Labour would seek would seek to form a "new and comprehensive" UK-EU customs union to ensure tariff-free trade after Brexit, Jeremy Corbyn has said.
The Labour leader's announcement suggests his party could line up with Tory rebels to force a change in the Government's approach.
But Brexiteers have criticised Mr Corbyn's position as a "betrayal", warning it would leave the UK beholden to EU rules and unable to sign its own free trade deals with countries around the world.
Mr Corbyn appeared to suggest the UK would not be able to sign its trade agreements, but stressed he would demand the EU ensures the Government "has a say in future trade deals" in the national interest.
And he said Labour would not countenance a deal that leaves Britain as a "passive recipient of rules decided elsewhere by others".
Mr Corbyn also stressed free movement of EU citizens would end "as a statement of fact" when the UK leaves the EU, committing to the "reasonable management of migration".
In a speech in Coventry, Mr Corbyn said: "Labour would seek a final deal that gives full access to European markets and maintains the benefits of the single market and the customs union, as the Brexit Secretary David Davis promised in the House of Commons with no new impediments to trade and no new reduction in rights, standards and protections.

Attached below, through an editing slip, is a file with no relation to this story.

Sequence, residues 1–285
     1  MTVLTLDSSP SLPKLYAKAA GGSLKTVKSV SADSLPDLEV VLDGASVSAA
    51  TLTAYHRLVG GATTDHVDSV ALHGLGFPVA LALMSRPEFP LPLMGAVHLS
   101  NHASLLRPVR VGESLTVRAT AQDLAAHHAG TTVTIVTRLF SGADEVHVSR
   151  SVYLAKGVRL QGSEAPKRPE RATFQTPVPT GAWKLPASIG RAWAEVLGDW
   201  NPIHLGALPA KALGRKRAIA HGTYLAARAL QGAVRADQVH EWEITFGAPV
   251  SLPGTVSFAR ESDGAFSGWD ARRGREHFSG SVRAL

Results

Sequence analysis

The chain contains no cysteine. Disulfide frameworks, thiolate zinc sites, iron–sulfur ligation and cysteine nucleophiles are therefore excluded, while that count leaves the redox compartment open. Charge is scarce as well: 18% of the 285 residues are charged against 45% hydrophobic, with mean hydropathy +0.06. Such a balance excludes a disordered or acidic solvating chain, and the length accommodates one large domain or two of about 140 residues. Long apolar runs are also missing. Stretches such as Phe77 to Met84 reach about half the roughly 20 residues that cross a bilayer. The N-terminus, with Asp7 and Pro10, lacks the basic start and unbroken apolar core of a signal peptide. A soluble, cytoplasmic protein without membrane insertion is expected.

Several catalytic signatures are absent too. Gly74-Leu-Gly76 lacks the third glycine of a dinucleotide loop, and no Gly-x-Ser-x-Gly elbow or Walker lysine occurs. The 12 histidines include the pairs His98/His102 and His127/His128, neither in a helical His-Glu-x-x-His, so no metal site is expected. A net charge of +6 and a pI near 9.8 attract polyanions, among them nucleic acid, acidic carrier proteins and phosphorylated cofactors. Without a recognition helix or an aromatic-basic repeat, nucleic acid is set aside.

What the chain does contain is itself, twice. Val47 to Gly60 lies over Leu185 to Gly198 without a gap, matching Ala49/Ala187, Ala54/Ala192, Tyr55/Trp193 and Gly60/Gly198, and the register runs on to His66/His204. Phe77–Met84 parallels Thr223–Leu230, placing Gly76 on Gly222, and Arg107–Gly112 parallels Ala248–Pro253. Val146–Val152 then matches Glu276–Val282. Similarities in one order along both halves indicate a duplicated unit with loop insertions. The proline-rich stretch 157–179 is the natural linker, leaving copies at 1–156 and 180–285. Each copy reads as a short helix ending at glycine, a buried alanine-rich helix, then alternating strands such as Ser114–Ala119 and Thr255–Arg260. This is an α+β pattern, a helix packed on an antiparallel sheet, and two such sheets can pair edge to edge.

"We have long argued that a customs union is a viable option for the final deal so Labour would seek to negotiate a new, comprehensive UK-EU customs union to ensure there are no tariffs with Europe and to help avoid any need whatsoever for a hard border in Northern Ireland."
He spoke as the Cabinet prepared for a Thursday meeting where they will finalise the Government's position ahead of a major Brexit speech from Mrs May on Friday.
The Prime Minister's official spokesman said: "The Government will not be joining a customs union. We want to have the freedom to sign our own trade deals and to reach out into the world."